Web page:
Talk:Buddhism in Burma
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- Phenomenon of reincarnation and infinity are defined and expressed explicitly in Myanmar literature throughout the ages as understood by authors. Abbot Moe-Nyin had artistically expressed these in Thum-Buddhay Stupa, in the form of statues and statuettes. Total number of 512,028 various sized Buddha images are enshrined in this stupa.
- Historical Buddha still known as Gautama Buddha has accumulated ten principal virtues in three fold efforts to attain Buddhahood. Reincarnated from one life form to another, striving to attain such state without verbal expression is, unimaginable; yet imagine, that during this time span 387,000 Buddhas has attained their goals. After that, continuance of striving forward see to it that another 125,000 Buddhas achieved while this Bodhisattva is verbally expressing the Destiny. Adding these two numbers comes to 512,000. Then explicit prophecies of attaining ultimate achievement were taken from 27 successive Buddhas.
- The ten principal virtues are generosity, self-restraint, solitude, learning, effort, true expression, forbearance, cherishing, detachment and resolution. Role playing in literally all walks of life, these virtues were accumulated.
Grammar and Practice of Civilians entering Monastary for a few weeks at a time
This sentence in the second paragraph of the history section is confusing:
- Succeeding kings of Bagan continued to build such a large number of monuments, temples, and pagodas in order to honour Buddhist beliefs and tenets that Bagan soon became a major archaeological site. Burmese rule at Bagan continued until the invasion of the Mongols in 1287.
This makes it sounds like it became a major archaelogical site in the 1200's. Is this the case? Or did it become a site for major religious pilgrimages because of the monuments?
Secondly, I've read recently that ordinary people sometimes join monastaries for a few weeks at a time as a sort of spiritual retreat:
- In the practice of Buddhism in Burma, people frequently leave the routine of their lives for a few weeks to become monks. With saffron robes, shaved heads and begging bowls they examine their lives, perhaps in the hope of gaining merit, more spiritually centered living, or to move along in their own personal cycle of karma. Some of the monks walking in the demonstrations now are almost certainly people who have only recently joined the monastery for a brief break.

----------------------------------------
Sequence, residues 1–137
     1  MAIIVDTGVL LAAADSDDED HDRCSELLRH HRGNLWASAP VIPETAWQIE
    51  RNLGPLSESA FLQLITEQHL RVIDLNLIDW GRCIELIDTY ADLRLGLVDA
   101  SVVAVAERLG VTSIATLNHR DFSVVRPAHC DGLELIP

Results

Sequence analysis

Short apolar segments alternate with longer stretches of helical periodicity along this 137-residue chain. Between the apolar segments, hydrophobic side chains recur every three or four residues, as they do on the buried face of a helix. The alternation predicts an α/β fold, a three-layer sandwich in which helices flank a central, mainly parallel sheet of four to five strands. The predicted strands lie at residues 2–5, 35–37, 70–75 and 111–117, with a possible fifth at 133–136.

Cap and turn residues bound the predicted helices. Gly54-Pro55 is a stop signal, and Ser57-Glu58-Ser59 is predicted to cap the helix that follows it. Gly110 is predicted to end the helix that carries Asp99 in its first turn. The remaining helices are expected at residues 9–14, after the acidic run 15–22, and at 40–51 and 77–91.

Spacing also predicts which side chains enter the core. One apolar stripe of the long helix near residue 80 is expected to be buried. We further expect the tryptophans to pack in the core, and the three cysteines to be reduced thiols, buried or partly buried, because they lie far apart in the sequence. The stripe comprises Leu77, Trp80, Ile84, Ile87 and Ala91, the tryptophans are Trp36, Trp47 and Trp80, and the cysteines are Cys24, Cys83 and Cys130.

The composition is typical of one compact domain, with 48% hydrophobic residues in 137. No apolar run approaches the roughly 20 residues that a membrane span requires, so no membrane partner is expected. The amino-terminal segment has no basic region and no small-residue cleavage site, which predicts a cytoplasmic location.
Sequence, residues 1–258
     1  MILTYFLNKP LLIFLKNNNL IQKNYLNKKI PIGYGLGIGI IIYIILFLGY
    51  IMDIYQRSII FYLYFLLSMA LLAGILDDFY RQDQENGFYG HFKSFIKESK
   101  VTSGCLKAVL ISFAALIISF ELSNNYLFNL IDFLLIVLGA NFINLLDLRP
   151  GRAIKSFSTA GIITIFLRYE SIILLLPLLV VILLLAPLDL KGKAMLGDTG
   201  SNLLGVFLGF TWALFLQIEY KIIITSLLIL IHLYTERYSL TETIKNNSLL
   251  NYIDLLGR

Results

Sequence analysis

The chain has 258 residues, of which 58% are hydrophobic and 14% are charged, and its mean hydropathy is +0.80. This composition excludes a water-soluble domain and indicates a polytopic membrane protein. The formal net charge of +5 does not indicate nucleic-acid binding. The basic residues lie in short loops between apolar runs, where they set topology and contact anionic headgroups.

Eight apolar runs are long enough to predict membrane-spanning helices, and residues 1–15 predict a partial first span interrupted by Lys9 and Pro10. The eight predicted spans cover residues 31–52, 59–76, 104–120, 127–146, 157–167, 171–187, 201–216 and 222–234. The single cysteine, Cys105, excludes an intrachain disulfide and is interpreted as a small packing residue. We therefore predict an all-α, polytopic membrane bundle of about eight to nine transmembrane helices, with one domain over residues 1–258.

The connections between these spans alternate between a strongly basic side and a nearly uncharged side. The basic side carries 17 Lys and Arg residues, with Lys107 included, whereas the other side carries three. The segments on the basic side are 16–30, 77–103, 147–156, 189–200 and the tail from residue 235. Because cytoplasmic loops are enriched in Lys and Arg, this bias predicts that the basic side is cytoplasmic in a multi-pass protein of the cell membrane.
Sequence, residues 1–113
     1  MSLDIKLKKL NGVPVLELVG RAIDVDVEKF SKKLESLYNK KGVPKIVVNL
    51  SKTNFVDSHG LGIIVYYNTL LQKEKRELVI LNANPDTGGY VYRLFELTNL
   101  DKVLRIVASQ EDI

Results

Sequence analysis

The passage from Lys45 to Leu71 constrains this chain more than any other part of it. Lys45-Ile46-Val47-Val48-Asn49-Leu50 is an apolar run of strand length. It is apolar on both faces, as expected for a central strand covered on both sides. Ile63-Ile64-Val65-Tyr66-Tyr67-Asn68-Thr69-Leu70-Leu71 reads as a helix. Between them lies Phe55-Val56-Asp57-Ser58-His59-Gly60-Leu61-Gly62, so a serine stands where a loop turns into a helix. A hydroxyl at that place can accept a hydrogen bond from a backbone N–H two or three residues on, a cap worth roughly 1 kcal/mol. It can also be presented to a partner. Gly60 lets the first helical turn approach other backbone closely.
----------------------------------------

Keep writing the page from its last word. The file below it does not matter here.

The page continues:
- from Burmha on the March
Can anyone else verify this? Is that a standard practice? If so, it would seem to warrant a mention in this article. mennonot 20:14, 27 September 2007 (UTC)
- Took a crack at fixing the grammar a bit- not all of that info needed to be there. Regarding temporary ordination, it's a common custom in Theravada Southeast Asia. Don't know specifics relating to Burma- in most places, ordination during Vassa is most common, in which case there would be some temporary monks finishing up their 3-month retreat around now. There have also been warnings issued regarding "white head monks"- new monks whose skulls haven't tanned yet- being police/military agents provocateur sent to disrupt the protests. --Clay Collier 21:49, 27 September 2007 (UTC)
- Clay, thanks for the quick response. It seems like this information about temporary ordination would be great to add to the article given its relevance to current events in Burma. Any idea on sources? mennonot 17:22, 28 September 2007 (UTC)
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